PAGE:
By Cara Sulieman
SCOTS are rushing to send their rare cars to the scrap-yard in order to take advantage of the Government’s scrappage scheme.
As every car traded in under the new scheme has to be destroyed, classic car enthusiasts are worried that some rarities will be lost forever.
And it is leading to some out-of-character behaviour from the usually ruthless car salesmen.
A spokesman for Kia said one of their dealers stopped a customer from sending her 1960s Singer Vogue to an early grave so she could buy their Picanto model at just £4,195.
The dealer, in Ewell, Surrey, persuaded her to sell the car instead and offered her the money off the new car anyway.
At another dealerships, a horrified salesman saved a 1980s RMB Gentry kit car from the scrap-yard.
Ian Seabrook, deputy editor of Classic Car Weekly, says readers have bombarded his office with heartbreaking tales of scrapped classics.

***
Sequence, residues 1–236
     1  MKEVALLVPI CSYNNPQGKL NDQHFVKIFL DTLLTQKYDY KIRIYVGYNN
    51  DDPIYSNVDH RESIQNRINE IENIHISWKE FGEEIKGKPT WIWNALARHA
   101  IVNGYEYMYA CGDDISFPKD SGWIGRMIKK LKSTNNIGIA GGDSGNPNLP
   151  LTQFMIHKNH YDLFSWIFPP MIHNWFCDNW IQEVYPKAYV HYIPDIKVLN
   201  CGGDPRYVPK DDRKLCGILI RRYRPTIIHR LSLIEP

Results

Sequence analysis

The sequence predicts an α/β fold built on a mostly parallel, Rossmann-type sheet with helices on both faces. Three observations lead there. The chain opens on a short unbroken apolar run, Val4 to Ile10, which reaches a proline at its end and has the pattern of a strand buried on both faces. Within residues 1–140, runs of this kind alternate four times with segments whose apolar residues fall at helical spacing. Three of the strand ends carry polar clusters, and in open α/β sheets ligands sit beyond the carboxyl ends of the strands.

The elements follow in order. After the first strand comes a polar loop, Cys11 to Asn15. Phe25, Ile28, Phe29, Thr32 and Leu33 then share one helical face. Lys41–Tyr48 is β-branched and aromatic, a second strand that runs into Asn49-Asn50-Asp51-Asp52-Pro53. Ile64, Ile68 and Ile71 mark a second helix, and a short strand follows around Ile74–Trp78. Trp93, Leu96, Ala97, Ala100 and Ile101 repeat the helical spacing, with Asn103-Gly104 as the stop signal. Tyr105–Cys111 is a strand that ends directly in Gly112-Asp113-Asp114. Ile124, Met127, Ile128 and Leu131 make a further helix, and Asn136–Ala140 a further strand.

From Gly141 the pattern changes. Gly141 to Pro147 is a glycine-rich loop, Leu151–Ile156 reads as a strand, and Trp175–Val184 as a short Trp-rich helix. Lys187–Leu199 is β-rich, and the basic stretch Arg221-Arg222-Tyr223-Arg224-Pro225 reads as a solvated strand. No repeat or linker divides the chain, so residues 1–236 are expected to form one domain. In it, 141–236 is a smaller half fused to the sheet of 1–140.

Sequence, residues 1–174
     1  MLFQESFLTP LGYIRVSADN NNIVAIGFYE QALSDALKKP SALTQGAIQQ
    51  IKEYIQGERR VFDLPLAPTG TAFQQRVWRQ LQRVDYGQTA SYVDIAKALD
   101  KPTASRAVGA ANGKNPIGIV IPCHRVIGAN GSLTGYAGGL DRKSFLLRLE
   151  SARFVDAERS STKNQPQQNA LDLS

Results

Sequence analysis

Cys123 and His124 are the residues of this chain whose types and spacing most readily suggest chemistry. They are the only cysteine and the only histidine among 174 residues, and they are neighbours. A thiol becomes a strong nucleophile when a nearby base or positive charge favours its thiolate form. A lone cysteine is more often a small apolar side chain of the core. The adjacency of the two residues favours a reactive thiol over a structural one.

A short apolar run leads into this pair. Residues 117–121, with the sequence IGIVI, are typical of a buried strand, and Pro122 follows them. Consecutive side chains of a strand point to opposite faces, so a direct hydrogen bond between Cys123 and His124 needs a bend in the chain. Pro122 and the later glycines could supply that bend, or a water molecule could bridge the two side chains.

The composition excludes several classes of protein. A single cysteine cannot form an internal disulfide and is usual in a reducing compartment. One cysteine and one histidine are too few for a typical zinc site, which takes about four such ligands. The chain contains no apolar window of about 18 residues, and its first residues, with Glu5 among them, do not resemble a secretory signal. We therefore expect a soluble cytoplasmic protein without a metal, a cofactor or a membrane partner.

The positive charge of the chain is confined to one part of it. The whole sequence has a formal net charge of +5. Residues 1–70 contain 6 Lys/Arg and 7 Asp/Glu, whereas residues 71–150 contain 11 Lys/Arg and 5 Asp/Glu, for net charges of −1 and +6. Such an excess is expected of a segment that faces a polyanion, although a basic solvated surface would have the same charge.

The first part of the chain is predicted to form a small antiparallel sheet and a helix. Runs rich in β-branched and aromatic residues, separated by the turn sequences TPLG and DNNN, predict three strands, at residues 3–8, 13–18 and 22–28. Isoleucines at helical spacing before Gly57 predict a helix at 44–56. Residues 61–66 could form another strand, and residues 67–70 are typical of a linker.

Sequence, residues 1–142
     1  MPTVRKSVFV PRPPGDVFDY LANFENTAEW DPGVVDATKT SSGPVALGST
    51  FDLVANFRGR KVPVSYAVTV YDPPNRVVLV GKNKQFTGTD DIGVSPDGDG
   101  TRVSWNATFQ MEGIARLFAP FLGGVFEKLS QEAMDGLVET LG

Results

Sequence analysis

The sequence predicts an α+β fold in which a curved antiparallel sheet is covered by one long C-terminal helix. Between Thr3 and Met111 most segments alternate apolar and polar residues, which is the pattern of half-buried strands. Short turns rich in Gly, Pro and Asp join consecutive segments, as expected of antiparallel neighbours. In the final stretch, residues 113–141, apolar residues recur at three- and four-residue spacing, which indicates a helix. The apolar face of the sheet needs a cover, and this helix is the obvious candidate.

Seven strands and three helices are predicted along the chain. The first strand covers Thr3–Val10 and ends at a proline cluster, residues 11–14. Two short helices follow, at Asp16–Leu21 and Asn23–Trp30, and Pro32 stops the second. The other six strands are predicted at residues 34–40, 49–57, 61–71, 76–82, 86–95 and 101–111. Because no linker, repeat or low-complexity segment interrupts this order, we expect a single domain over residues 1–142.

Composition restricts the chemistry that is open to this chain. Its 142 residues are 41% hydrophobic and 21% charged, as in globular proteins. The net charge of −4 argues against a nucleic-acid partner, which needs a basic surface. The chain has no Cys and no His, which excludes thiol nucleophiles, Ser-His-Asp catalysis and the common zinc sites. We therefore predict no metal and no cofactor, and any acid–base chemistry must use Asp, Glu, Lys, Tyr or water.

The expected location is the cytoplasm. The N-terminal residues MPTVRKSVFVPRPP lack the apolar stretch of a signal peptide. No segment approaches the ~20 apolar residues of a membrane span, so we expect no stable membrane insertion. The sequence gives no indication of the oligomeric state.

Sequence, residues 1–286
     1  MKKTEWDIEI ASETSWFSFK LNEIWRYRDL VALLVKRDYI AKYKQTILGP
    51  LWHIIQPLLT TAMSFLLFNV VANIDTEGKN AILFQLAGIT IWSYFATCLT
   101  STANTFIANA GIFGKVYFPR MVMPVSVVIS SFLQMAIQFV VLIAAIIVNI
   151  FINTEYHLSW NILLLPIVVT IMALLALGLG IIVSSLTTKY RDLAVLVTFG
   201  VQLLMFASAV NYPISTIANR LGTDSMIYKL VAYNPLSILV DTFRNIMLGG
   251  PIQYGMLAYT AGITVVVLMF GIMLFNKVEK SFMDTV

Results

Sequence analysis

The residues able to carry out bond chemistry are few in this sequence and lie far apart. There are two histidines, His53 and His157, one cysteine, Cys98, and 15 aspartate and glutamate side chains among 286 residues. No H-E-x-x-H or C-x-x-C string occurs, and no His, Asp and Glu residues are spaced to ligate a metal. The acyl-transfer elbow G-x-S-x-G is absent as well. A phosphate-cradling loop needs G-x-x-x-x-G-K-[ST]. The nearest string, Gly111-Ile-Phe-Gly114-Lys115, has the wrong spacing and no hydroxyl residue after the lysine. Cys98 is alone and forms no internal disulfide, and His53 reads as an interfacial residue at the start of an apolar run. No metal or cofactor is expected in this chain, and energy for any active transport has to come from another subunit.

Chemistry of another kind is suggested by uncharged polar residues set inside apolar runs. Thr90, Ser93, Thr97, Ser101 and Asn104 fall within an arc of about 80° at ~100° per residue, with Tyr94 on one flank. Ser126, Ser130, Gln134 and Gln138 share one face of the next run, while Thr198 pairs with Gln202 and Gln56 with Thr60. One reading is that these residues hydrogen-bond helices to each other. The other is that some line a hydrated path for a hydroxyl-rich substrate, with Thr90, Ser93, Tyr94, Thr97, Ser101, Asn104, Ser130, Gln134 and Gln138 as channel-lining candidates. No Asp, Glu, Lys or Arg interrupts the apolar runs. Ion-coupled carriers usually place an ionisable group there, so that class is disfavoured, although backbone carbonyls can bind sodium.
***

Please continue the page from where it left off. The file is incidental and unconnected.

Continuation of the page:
Rare Morris Minor pickup
He said: “We don’t like to see any useable car binned like this. And some of them do hit you quite hard.
“Perhaps the saddest one we’ve heard of is a genuine 1971 Morris Minor pickup, which is a very rare car.
“People see it as an easy way to get £2,000 but in some cases they could have haggled the discount anyway.”
A spokesman for another dealer said some cars they had been forced to send to their doom surprised them. They included a 1996 Austin 1100, a 1968 Morris Minor, a Jaguar XJ-S and a Mercedes F500.
Tony Whitehorn, Hyundai UK’s managing director, said: “For many it is an opportunity to buy their first-ever new car and it is enormously exciting.
“Some buyers have taken the decision to wave goodbye to cars which have been in the family for a generation.
“But their sadness disappears when they get into their new Hyundai.”